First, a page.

By Sumit Kumar Singh
New Delhi, Jun 16 (IANS): Race to become Commissioner of Delhi Police has intensified with serving Commissioner S.N. Shrivastava, a 1985 batch Indian Police Service officer, is all set to hang up his boots by June end. Shrivastava's four juniors -- three from 1987 batch -- A.S.M. Sahai, Satyendra K. Garg and Dilbagh Singh and one from 1988 batch Balaji Srivastava -- are jostling for the top post in the national capital.
S.M. Sahai and Dilbagh Singh are from erstwhile Jammu and Kashmir cadre, which was merged with Arunachal Pradesh-Goa-Mizoram and Union Territory (AGMUT) cadre after Centre abrogated Article 370 and the Parliament passed the Jammu and Kashmir Reorganisation Act, dissolving the state and reorganised it into two union territories - Jammu and Kashmir and Ladakh.
The union territories are administered by the AGMUT cadre government officials.
Sahai is currently serving as Additional Secretary in National Security Council Secretariat (NSCS) since September 23, 2018 and in October 2020 got an extension for one year on central deputation.
Singh is serving as director general of the Jammu and Kashmir Police from November 2018. Singh took over as chief of the police force after his predecessor S.P. Vaid, caught in a verbal duel with Jammu and Kashmir administration, was shunted out and posted as transport commissioner. Singh has shown interest in becoming Commissioner of Police. However, there was a serious complaint against him by one of his juniors of alleged misappropriation of funds.
Garg is currently serving as Director General of Andaman and Nicobar Islands Police. Before joining, he was posted as joint secretary in the union home ministry and was handling the North East division in the home ministry as joint secretary before being repatriated to his cadre. Garg was the senior most in AGMUT cadre before merger with Jammu and Kashmir. Post that, Sahai is the senior most in the cadre followed by Garg and then by Singh.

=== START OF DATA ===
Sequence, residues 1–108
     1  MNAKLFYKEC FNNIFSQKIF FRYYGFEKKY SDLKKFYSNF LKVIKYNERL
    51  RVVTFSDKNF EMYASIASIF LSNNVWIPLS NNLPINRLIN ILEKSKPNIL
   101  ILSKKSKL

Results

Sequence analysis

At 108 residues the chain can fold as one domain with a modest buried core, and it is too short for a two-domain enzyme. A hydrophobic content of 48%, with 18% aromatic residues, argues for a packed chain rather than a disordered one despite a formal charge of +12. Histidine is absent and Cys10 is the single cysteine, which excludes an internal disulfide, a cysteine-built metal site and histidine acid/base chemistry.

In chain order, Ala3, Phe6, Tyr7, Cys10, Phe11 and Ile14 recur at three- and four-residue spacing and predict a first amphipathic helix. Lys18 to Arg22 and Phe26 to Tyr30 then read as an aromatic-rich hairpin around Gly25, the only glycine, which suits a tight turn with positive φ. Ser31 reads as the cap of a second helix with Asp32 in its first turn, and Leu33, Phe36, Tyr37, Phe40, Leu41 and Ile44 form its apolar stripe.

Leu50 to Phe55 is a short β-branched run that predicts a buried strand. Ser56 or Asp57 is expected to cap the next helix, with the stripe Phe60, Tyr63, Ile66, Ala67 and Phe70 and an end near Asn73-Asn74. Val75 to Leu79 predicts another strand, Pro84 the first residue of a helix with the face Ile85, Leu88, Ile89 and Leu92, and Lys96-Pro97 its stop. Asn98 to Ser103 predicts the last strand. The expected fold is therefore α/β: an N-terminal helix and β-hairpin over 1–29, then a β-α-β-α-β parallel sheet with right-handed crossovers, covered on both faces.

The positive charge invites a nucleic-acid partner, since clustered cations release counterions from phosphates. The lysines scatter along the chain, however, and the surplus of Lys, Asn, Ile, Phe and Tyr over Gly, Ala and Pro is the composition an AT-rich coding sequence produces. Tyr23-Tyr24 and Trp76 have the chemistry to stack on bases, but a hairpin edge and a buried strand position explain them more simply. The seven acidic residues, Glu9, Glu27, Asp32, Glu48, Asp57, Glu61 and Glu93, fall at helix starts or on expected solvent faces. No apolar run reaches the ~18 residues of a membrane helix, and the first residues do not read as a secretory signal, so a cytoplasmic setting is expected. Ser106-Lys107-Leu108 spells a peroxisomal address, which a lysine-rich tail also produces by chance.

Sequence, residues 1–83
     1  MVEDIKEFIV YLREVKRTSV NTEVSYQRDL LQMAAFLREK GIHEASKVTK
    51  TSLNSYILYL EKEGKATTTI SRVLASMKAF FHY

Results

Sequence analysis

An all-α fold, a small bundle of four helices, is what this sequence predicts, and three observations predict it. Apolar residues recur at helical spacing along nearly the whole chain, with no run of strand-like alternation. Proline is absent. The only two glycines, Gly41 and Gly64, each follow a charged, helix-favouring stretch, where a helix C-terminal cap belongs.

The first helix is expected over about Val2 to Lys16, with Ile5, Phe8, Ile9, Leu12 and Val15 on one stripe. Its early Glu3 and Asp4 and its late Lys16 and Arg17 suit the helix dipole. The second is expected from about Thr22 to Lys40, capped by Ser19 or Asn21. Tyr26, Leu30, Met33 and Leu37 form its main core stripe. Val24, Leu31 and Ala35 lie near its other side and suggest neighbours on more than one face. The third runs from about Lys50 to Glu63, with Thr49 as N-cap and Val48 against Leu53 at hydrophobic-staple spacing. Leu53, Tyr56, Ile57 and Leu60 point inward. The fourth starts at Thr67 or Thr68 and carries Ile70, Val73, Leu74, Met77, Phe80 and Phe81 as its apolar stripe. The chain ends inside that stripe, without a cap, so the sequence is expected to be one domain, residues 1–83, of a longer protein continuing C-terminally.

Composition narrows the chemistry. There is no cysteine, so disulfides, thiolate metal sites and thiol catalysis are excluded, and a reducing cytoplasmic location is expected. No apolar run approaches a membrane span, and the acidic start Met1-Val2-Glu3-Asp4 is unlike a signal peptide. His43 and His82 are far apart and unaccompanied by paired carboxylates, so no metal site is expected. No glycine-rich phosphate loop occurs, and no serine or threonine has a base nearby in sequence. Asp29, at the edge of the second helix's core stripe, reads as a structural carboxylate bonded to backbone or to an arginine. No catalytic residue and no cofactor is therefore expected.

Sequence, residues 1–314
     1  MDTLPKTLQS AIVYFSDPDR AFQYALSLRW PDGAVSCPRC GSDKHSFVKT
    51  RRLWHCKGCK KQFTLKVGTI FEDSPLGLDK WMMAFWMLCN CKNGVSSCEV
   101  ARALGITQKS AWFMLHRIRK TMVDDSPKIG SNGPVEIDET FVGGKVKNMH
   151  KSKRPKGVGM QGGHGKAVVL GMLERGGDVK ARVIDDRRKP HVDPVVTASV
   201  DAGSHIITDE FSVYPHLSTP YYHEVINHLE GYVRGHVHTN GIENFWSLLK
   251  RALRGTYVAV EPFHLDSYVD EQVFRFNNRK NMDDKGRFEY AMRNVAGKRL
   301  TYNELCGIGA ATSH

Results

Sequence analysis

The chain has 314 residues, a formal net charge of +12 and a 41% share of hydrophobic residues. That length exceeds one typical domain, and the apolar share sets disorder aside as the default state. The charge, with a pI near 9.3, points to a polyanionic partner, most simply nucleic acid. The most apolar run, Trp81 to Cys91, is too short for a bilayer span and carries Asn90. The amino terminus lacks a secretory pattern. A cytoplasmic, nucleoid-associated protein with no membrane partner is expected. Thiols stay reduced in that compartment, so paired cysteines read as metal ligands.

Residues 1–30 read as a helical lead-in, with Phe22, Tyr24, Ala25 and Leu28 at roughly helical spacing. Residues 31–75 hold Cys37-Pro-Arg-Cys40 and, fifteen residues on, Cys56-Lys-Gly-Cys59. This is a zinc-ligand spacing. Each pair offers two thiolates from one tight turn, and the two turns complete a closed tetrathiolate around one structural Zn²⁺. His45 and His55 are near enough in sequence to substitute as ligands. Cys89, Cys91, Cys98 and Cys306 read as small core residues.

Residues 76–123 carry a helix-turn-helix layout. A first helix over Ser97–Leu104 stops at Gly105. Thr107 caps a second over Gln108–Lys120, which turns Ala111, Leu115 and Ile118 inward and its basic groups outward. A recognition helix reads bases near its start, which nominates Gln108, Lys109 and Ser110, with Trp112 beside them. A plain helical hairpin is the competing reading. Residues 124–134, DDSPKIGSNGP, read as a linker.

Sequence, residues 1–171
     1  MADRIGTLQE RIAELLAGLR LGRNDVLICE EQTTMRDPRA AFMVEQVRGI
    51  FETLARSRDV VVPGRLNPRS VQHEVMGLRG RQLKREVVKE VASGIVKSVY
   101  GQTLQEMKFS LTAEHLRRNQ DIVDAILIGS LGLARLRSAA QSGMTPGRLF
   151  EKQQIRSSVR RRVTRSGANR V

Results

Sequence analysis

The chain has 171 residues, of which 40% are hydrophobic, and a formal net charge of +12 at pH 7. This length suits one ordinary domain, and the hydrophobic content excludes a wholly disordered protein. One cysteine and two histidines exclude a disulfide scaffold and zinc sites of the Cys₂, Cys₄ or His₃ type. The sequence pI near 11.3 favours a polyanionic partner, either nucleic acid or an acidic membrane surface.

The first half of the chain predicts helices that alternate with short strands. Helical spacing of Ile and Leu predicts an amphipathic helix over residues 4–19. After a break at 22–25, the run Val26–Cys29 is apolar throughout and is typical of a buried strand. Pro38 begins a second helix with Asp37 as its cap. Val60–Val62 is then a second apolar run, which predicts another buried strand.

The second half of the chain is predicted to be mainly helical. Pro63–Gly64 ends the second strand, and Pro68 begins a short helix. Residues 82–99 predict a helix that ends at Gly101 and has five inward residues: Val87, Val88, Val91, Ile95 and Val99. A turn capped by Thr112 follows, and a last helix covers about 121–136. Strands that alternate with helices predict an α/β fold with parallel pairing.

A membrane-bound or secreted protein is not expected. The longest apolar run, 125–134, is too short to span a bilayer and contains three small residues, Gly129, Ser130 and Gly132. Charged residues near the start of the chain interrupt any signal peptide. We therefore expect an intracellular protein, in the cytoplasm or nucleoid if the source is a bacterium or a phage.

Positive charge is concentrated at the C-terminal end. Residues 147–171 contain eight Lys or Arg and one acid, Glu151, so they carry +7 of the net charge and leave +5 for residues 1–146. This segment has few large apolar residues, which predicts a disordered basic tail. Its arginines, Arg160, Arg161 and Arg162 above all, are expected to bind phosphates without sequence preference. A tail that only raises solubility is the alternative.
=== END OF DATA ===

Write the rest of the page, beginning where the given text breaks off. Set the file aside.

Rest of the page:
Balaji Srivastava of 1988 batch is junior to all of these three officers but is considered in the race of the Commissioner of Police. He is currently serving as Special Commissioner of Police Vigilance in Delhi Police.
All these four officers in the race for the post of top position of Delhi Police face alleged corrupt practices, favouritism and nepotism. The alleged process of transfer and posting of Station Houses Officers is the dark underbelly of the force.
The outgoing Commissioner S.N. Shrivastava, a AGMUT cadre officer, was appointed when Delhi was burning in north eastern parts. The riots in Northeast Delhi had left 53 people dead. Back then the Central government had written to Maharashtra government to send then Director General of State Police Subodh Kumar Jaiswal, a 1985 batch officer, for Central deputation so that he can take charge of Commissioner of Police, Delhi. But the Maharashtra government did not relieve him. Jaiswal is currently serving as Central Bureau of Investigation (CBI) chief.
Then the government decided to give the additional charge of Commissioner of Police, Delhi to Shrivastava, who was on Central deputation with Central Reserve Police Force. Last month, the Centre had given full charge to the Commissioner of Police. Shrivastava is behind bringing back the morale of the force -- that protested against his predecessor Amulya Patnaik for ill treatment.
In the history of Delhi Police, for the first time the force protested against its own head and demanded the government to bring back two legendary IPS officers -- Kiran Bedi and Deepak Mishra -- to head the force. Both the officers were great leaders, as claimed by the force and their juniors, but were not made Delhi police chief.
Over selecting the police commissioner of Delhi, as rightly said by most of the officers working with the Ministry of Home Affairs: "No one can say who will be Delhi police chief beforehand..."